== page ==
In 1965, Elliott had left college and was living with his mother after his father died of a heart attack at age 54. Feeling it was "[his] duty" at the time to fight in the Vietnam War, he visited different recruiters for the different military branches and brought home forms and reading materials. "I remember it like it was this morning: My mom coming in, sitting there drinking coffee with tears in her eyes," Elliott recalled to Mark Maron on his "WTF" podcast, "My mom said, ‘Please don’t do this.’" A friend of the family was a National Guard officer in Oregon, and Elliott ended up serving as a National Guardsman in California, a move that he acknowledges likely saved his life.
Elliott told Maron that he felt "thankful" for not having served overseas during the Vietnam War, but also "guilty" that he lucked out when so many others of generation fought and died. Over the years he has played many soldiers and military officers onscreen, and has lent the gravitas of his voice to projects such as a short film produced by the United States Vietnam War Commemoration and the 2020 documentary "Honor Guard."
Breaking into the business
After serving in the National Guard, Elliott relocated to Los Angeles. As he and Maron noted on his "WTF" appearance in March 2022, Hollywood was a small town in many ways during the mid-to-late 1960s, with just a handful of major studios and three television networks, making it "tough to bust in." In those early years he took a film acting workshop that was hosted by Columbia Pictures while working odd jobs around southern California.
As most Hollywood paths to stardom tend to be, Elliott’s was winding and powered by coincidences and chance encounters. His mother’s next door neighbor in Sacramento had a daughter who was married to an assistant director. Elliott met them once, and after moving to Los Angeles he looked them up again. The assistant director quickly put him to work — not as an actor, but as a handyman. One day while working on a house Elliott met a casting director named Bob Thompson, who took a liking to Elliott in a way that was not entirely professional. "He fancied me," Elliott told Maron. "He had a wife and three children, but he fancied me." Despite that potential awkwardness, he and Thompson became close friends, and Thompson helped Elliott sign on with his first talent agent.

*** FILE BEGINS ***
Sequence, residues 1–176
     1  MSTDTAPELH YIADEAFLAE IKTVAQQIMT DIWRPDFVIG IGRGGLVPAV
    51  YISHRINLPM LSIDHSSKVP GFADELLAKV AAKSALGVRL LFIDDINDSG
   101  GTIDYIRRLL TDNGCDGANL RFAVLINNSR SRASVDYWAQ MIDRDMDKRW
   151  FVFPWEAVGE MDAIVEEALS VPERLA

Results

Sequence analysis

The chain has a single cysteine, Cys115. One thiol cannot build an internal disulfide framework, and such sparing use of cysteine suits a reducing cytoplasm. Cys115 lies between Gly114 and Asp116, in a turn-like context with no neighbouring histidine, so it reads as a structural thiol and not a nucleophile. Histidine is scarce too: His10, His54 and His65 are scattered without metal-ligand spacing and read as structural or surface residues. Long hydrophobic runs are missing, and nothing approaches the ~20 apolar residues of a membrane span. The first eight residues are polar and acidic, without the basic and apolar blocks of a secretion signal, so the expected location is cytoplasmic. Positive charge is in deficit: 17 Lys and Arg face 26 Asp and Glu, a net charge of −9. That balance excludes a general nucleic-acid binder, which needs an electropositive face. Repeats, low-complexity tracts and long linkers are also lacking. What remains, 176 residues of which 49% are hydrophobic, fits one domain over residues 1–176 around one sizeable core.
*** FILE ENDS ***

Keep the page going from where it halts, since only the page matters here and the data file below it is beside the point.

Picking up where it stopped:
Elliott and his wife Katharine Ross famously appeared in "Butch Cassidy and the Sundance Kid," though they wouldn’t meet until nearly a decade later when they were cast in the 1978 horror film "The Legacy." But as Elliott told Marc Maron on "WTF," he had been in love with Ross for years prior, all the way back to her film debut in the James Stewart Civil War drama "Shenandoah." The two married in 1984, and their daughter Cleo Rose Elliott was born that same year.
Cleo Rose is a California-based musician and model, though she keeps a fairly low professional profile; her social media pages are set to private and appear to be rarely updated. Part of that might have to do with an unfortunate incident in 2011, when Ross filed a restraining order against Cleo for attacking her with a pair of scissors. In court documents obtained by People magazine at the time, Ross alleged that her daughter had been physically violent with her since the age of "12 or 13," and on March 2 on that year verbally threatened to kill her, cut Ross’ phone line when she attempted to call the police, and stabbed her six times in the arm with scissors, with enough force to break the skin. The immediate aftermath of the incident and the restraining order does not seem to have been reported on, but in the late 2010s Cleo Rose was a frequent guest on the red carpet with her parents and, along with fiance Randy Christopher, attended the 2019 Academy Awards when Elliott was nominated for "A Star Is Born."
Believe it or not, there was a time when superhero movies weren’t a world-beating blockbuster phenomenon, nor was every film produced with the expectation of forming a cohesive cinematic universe. In the years before Marvel Studios began producing their own films, they sold off the rights to many of their most well-known (and a few lesser-known) characters to other studios, which is how Universal Pictures made 2003’s "Hulk," an Ang Lee-directed take on Marvel’s not-so-jolly green giant starring Eric Bana as Bruce Banner, Jennifer Connelly as his scientific and romantic partner Betty Ross, and Sam Elliott as her father, General "Thunderbolt" Ross. Lee’s film is chockablock with floating split screens and daddy issues, and when Marvel and Universal decided to try a more traditional superhero flick with 2008’s MCU-adjacent "The Incredible Hulk," the main roles were recast with, respectively, Edward Norton, Liv Tyler, and William Hurt (who remained an MCU player up until his death in 2022).
Four years after "Hulk," Elliot returned to the world of Marvel, this time over at 20th Century Fox, who had the rights to Marvel’s Evel Knievel-inspired supernatural hero Ghost Rider. As Caretaker, an old timey cowboy Ghost Rider, Elliott (who played Knievel in a 1974 TV pilot) shows new timey Ghost Rider Johnny Blaze (Nicolas Cage) how to do the devil’s (Peter Fonda) bidding. Neither film is a part of the Marvel Cinematic Universe continuity, though Hurt’s death has some fans speculating that Elliott might be the right man to take up the role once more.